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Jan Lee headshot

VW's Electrify America Gets Ready to Charge Up U.S. Cities

By Jan Lee

Very rarely, good things have been known to come out of devastatingly bad company decisions. Such is the story of VW's court-negotiated Electrify America program, which is about to transform the country's electric vehicle charging infrastructure.

Electrify America, (EA) which was designed with the needs of electric vehicles in mind, is the result of the Volkswagen "defeat device" scandal that rocked the automotive industry in 2015 and 2016 and, with the exception of sales in China, is still continuing to steer the company's recovery. Negotiations between VW and the California Air Resources Board (CARB) eventually led to a new subsidiary that would oversee the installation of some 500 charging stations across the United States.

The decision dovetailed with California Gov. Jerry Brown's vision of the state's up-and-coming green transportation, which lacks adequate charging stations. It was the "perfect" answer to a scandal that significantly impacted the reputation of green transportation and, at the same time, could put a company that had inside knowledge of environmental-friendly automotive systems in the driver's seat of new technology. After all, for Californians to really take advantage of electric transportation, they needed to be able to go somewhere -- including outside of their state. And there was no one better suited to expedite the construction of hundreds of charging stations than a company that truly understood the challenges associated with new goal.

Ergo, the Electrify America charging network was born.

Last week EA announced that it had been tapped U.S.-based companies to construct its ultra-fast DC charging stations. Engineering, renewable energy and construction specialist Black & Veatch and SAI, well known for its civil and commercial construction accomplishments, will install the 2,000 stations.

More than 400 sites have been designated to receive s charging station on this first leg, with an anticipated completion date of June 2019. EA states that they are designed to be "close to retail, dining and other facilities that offer convenience for EV drivers … "between four and ten 150kW and 350kW individual DC fast chargers at each location before June 2019."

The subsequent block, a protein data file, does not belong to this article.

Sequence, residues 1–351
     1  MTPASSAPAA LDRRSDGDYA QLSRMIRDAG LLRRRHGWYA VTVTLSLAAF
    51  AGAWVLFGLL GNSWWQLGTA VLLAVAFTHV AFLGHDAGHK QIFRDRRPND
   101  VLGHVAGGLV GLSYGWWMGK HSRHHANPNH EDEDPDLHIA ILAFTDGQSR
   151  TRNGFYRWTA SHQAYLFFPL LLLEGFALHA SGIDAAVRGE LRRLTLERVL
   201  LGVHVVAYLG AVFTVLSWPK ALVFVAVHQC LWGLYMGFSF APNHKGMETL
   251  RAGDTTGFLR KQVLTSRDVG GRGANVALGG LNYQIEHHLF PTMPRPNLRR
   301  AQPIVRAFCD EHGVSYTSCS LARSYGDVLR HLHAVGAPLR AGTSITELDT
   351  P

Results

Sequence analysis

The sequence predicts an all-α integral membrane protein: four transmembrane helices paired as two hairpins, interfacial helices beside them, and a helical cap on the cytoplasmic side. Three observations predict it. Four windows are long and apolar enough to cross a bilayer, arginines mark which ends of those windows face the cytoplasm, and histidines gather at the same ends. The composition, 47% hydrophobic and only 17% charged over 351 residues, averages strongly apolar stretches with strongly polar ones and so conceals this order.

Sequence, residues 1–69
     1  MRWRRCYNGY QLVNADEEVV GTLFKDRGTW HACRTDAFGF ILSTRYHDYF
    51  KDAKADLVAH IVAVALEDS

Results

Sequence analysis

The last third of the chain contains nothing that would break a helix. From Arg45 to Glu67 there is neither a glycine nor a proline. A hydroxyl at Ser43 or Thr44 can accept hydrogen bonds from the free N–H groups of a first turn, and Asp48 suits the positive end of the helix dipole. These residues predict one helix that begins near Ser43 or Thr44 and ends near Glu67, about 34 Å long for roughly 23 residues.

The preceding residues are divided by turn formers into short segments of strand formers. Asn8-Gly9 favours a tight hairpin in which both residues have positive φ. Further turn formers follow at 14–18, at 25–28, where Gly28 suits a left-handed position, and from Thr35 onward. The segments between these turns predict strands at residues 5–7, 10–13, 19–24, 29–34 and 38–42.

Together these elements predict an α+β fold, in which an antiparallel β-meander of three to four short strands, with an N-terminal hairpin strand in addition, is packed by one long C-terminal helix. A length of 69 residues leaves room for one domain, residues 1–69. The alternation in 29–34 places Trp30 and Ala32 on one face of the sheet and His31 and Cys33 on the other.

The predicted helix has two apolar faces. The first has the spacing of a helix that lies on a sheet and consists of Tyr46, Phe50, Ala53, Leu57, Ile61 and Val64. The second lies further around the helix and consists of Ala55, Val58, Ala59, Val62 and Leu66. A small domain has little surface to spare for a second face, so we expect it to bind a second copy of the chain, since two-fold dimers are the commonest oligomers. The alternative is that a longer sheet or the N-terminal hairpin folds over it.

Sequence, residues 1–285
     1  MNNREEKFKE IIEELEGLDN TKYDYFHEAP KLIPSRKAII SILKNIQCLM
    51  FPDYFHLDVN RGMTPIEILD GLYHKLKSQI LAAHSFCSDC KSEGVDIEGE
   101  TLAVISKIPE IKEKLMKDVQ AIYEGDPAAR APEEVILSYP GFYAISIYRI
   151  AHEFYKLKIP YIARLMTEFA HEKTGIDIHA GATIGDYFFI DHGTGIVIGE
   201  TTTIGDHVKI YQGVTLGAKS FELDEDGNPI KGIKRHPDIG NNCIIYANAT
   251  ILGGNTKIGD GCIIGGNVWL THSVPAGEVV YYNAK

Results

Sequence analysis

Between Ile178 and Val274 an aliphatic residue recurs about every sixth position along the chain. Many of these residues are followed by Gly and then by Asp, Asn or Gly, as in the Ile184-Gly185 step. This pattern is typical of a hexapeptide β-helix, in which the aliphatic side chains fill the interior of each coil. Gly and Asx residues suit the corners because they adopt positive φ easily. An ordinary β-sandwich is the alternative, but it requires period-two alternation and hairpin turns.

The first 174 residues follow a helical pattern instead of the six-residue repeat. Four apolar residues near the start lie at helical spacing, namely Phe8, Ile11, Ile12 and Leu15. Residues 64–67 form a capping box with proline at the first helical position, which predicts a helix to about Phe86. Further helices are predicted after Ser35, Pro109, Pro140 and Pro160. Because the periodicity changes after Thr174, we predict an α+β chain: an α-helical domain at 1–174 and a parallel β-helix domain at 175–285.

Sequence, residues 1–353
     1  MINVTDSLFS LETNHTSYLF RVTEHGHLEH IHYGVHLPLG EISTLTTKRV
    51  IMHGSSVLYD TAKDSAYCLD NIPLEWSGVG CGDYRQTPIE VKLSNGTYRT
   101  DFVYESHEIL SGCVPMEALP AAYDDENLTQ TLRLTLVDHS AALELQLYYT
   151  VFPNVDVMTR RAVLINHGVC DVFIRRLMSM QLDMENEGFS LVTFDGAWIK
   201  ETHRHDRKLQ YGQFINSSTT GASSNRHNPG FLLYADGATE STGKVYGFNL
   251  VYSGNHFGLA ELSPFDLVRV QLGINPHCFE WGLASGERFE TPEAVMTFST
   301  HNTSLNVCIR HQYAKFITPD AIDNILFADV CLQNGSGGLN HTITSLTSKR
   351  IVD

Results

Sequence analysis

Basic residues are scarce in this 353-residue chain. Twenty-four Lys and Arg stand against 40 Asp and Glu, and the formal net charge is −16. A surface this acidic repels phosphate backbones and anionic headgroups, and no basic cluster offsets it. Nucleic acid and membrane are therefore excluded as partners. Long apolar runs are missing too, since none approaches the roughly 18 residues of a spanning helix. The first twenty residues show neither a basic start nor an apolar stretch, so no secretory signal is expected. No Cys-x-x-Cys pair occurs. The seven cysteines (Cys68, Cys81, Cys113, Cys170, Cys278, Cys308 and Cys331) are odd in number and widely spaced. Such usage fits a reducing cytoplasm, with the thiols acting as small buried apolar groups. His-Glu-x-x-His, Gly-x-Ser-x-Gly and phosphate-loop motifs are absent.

In May the company published a map of the planned construction, which traces some of the continent's most-traveled routes. It connects cities like Boston, Miami, Seattle, Fresno and Los Angeles, promising EV drivers what they have always wanted: unfettered access to “free” electricity tank-ups.

The two contractors will divide up the designated routes, with Black & Veatch covering installations in 24 states including California and the Pacific Northwest region, while SAI will cover 16 other states, including those remaining ones in the Southwest. Between four and ten chargers will be installed at each location.

EA said the $200 billion project is part of its wider effort to educate the public about its zero-emission vehicles (ZEV). According to the organization, half of all Americans have never heard of ZEVs and only about a third have ever looked into purchasing one. The result, says EA, is that ZEV market share is less than 1 percent of the national EV market.

“Electrify America will tackle this challenge head on and intends to develop and deploy a national awareness and education campaign directed at car buyers not yet in EVs,” the organization said. It intends to do that not only by establishing charging stations but by launching a series of “brand neutral” public relations programs aimed at getting drivers to test-drive electric vehicles.

Flickr image: www.routexl.com

Jan Lee headshot

Jan Lee is a former news editor and award-winning editorial writer whose non-fiction and fiction have been published in the U.S., Canada, Mexico, the U.K. and Australia. Her articles and posts can be found on TriplePundit, JustMeans, and her blog, The Multicultural Jew, as well as other publications. She currently splits her residence between the city of Vancouver, British Columbia and the rural farmlands of Idaho.

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